The Particulars: Young Adult Contemporary Romance, MTV Books, 2013, In Print
Why Was It In Wendy's TBR?: Back in 2013 I judged a local RWA chapter contest. My job was to read all the first place winners in the categories and pick the overall winner. Such a Rush by Jennifer Echols won the YA category and while I really, really liked it - it ultimately was my runner-up to Sea Change by Karen White. At the chapter meeting where I announced the winner, Victoria Dahl was the guest speaker. Dahl and Echols are critique partners. Apparently Dahl went home and told Echols all the nice things I said about her book because shortly thereafter she sent me a nice note and a couple of books (this being one of them) in the mail.
I slapped my hands over my ears and yelled, "I would like out of this country song now. I want out of this country song right now!"Bailey Wright Mayfield grew up traveling the bluegrass circuit with her parents and younger sister, Julie. Her and Julie were the act - you know, cute kids singing harmonies wearing matching outfits while Bailey rocked out on her fiddle. But in the past year it's all gone to hell. A record company has come calling - interested in Julie sans Bailey. And the record company doesn't want Bailey's existence to get out because it could "screw up" their PR machine. The parents go along with this and basically tell Bailey to shuttle herself off to the side, which means no social media, no playing music on her own, just sit in the corner and breath quietly. Bailey handles this as well as you'd expect an 18-year-old girl who has just been told to smile while hacking off her right arm - she rebels. And when her rebellion goes too far? She's sent to live with her grandfather while the parents and Julie hit the road to drum up excitement for her forthcoming debut single.
I wasn't sure who I was praying to. The ghost of Johnny Cash, maybe. But nothing changed.
Her granddad feels sorry for her and lands her a job playing her fiddle with cheesy tribute acts at the local mall. One day she's backing Dolly Parton, the next she's thinking of filing a sexual harassment claim against Elvis. That's where she meets Sam, who is playing with his father, Johnny Cash. Sam loves that Bailey has perfect pitch, the way she handles her fiddle, and asks her to join his band. Joining a band most certainly would set her parents off, who have already threatened to not pay for her college tuition in the fall if she screws up. But we all know where this going, right? Of course she plays in Sam's band and that's when things get really complicated.
There's plenty of conflict and drama to go around and it keeps this YA novel humming along. Bailey is supposed to be staying "low key" so she's not upfront with Sam about who her sister is. Sam is ambitious, looking at every angle to achieve a music career to the point of using people. Needless to say the band's drummer, Charlotte, is not terribly pleased to have Bailey arrive on the scene - what with her being one of Sam's many (many...) ex-girlfriends. There's also bassist, Ace, who looks to keep everyone on an even keel.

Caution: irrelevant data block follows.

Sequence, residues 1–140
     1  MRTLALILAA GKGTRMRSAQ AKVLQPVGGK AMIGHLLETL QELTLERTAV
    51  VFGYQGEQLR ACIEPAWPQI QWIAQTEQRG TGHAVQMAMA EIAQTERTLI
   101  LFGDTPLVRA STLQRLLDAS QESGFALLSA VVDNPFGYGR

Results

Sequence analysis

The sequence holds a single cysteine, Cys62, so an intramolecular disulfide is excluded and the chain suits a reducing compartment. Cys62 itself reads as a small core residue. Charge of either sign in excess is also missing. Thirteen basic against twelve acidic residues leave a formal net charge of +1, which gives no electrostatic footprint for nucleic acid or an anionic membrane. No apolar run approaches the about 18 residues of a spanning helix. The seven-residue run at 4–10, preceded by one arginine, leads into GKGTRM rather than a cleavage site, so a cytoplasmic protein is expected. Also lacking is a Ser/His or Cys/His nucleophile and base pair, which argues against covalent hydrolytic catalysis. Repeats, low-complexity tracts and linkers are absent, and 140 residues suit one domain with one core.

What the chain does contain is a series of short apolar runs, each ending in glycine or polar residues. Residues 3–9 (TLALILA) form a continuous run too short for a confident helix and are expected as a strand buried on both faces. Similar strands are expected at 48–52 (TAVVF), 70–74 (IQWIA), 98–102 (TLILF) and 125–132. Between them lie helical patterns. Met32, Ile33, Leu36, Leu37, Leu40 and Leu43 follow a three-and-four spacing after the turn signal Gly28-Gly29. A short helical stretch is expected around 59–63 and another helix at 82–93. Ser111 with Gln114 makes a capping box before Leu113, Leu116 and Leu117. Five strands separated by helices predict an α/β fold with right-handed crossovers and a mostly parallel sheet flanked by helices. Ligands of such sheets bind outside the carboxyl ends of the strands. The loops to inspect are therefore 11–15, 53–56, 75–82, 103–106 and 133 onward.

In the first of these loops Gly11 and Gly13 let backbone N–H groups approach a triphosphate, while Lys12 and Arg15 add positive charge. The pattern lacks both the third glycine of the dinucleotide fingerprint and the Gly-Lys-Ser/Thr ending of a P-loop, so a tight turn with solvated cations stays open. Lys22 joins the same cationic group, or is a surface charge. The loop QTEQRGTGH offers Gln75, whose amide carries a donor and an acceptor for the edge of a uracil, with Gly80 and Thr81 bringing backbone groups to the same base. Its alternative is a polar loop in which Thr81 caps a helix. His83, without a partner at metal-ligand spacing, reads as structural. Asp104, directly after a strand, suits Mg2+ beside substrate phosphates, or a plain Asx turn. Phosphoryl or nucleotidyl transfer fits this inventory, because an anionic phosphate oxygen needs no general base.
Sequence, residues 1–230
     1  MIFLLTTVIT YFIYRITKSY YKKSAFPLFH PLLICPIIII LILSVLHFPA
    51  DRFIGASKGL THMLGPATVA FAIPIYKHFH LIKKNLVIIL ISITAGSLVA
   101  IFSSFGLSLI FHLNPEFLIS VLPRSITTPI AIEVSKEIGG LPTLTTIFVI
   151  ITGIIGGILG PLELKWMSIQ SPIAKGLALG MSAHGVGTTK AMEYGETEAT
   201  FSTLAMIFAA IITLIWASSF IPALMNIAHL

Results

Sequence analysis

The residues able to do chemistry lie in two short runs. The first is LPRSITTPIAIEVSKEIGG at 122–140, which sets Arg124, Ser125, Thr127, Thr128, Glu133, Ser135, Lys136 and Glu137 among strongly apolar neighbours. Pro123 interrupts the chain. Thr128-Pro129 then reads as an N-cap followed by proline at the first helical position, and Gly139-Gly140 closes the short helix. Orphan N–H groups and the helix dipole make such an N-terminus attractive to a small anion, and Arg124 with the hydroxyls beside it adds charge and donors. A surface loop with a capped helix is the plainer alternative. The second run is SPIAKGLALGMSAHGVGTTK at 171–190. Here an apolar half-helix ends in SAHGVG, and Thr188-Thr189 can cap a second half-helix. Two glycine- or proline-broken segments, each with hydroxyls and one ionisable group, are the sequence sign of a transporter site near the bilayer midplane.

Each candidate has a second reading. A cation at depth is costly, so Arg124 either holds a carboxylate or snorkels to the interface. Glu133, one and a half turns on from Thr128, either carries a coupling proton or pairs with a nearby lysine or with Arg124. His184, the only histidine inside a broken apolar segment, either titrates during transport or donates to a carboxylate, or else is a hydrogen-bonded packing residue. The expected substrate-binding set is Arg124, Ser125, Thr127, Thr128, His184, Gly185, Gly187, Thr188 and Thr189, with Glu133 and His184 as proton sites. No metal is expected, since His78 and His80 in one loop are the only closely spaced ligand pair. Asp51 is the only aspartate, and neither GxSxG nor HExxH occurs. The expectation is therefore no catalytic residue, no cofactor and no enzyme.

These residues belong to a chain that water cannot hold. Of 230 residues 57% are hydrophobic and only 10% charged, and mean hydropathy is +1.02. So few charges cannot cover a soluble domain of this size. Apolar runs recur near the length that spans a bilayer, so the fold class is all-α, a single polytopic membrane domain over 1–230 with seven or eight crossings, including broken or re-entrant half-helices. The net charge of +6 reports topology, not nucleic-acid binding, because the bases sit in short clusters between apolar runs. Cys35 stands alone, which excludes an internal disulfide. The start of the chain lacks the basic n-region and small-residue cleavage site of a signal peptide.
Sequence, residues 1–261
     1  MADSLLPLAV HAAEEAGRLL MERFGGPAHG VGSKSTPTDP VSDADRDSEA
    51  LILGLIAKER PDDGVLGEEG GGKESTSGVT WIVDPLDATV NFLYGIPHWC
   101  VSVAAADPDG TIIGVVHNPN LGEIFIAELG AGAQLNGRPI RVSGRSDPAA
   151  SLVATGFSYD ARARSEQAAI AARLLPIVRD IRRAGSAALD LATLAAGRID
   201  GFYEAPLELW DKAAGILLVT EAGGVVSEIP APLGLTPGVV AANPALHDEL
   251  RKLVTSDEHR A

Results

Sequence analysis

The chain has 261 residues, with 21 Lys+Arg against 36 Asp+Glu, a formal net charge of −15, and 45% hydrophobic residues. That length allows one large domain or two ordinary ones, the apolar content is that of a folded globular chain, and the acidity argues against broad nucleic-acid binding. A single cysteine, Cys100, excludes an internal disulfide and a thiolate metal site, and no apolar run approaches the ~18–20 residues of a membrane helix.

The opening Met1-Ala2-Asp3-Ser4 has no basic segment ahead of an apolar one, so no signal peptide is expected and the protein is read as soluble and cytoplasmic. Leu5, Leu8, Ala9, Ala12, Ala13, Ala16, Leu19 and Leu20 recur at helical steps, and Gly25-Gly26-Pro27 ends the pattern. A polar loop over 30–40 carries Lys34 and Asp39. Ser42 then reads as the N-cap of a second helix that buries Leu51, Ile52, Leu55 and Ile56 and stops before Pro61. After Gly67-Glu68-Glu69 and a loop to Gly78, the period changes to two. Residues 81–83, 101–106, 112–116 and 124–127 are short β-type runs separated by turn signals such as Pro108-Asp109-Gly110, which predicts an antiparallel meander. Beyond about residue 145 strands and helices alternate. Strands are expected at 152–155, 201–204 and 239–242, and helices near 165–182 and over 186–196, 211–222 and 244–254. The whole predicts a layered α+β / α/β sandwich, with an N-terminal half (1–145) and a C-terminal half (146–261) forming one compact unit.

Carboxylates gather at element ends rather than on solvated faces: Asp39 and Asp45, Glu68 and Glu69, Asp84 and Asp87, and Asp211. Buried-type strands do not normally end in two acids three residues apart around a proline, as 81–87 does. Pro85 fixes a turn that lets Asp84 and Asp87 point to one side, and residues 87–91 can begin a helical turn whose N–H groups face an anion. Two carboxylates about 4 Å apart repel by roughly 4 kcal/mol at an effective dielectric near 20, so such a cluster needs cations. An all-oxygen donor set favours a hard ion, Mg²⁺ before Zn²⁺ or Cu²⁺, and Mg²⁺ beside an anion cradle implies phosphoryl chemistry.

There was a lot of good in this story. I loved (LOVED!) the world-building, the Nashville setting, and even though I'm not big into country music, I feel hook, line and sinker into this world. I also loved Bailey. The girl that nobody seems to want and only notices when she acts like a typical teenager and starts rebelling. Given how her parents steamroll over her the minute a record company blows sunshine up their butts over Julie - well let's just say I thought Bailey's reasons for acting out were fairly compelling.
What didn't work for me was the romance, specifically Sam. Granted Sam is 18 and therefore acts how one might expect an 18-year-old guy to act. Namely, he's selfish. For a good long while I had a hard time believing he "cared" about Bailey. Too often it's "what can you do for me and how can you get me what I want in the end," which needless to say once he finds out that her sister has a Big Ol' Record Contract.....I wanted to slap this boy into next Tuesday. Is Bailey blameless? Well, no. She's running and hiding, licking her wounds in the corner instead of fighting. But Sam was beyond the pale for me for a good long while and I felt strongly that he was using her.
The author starts to turn it around at the very end though. It takes Bailey blowing up. I mean, really blowing up. At Sam, then her parents, and finally that spurs Sam on to declare his undying love and how he truly cares about her and yada yada yada. It does helps, but I can't quite forget the vibe I got from him throughout the rest of the story. That he's a user. That he only wants what he wants and he'll use anybody he can to get what he wants. This is also the moment when Echols discloses Sam's Tragic Back-Story which smacked to me of Hey Look, I'm a Tragic 18-Year-Old Boy So It's OK To Overlook the Fact That I'm Using the Heroine for Most of the Book. However, while Sam is a jerk, we're currently living in a genre world where authors are trying to convince readers that hardened criminals and abusers are "heroes" - so really Sam acting like a selfish 18-year-old kid is, perhaps, nit-picky of me.
So it's truly a mixed bag here. I enjoyed it. It's a book that will stick with me for a while. But as a romance I found it problematic. As an 18-year-old girl finding her voice? It worked better.
Final Grade = C+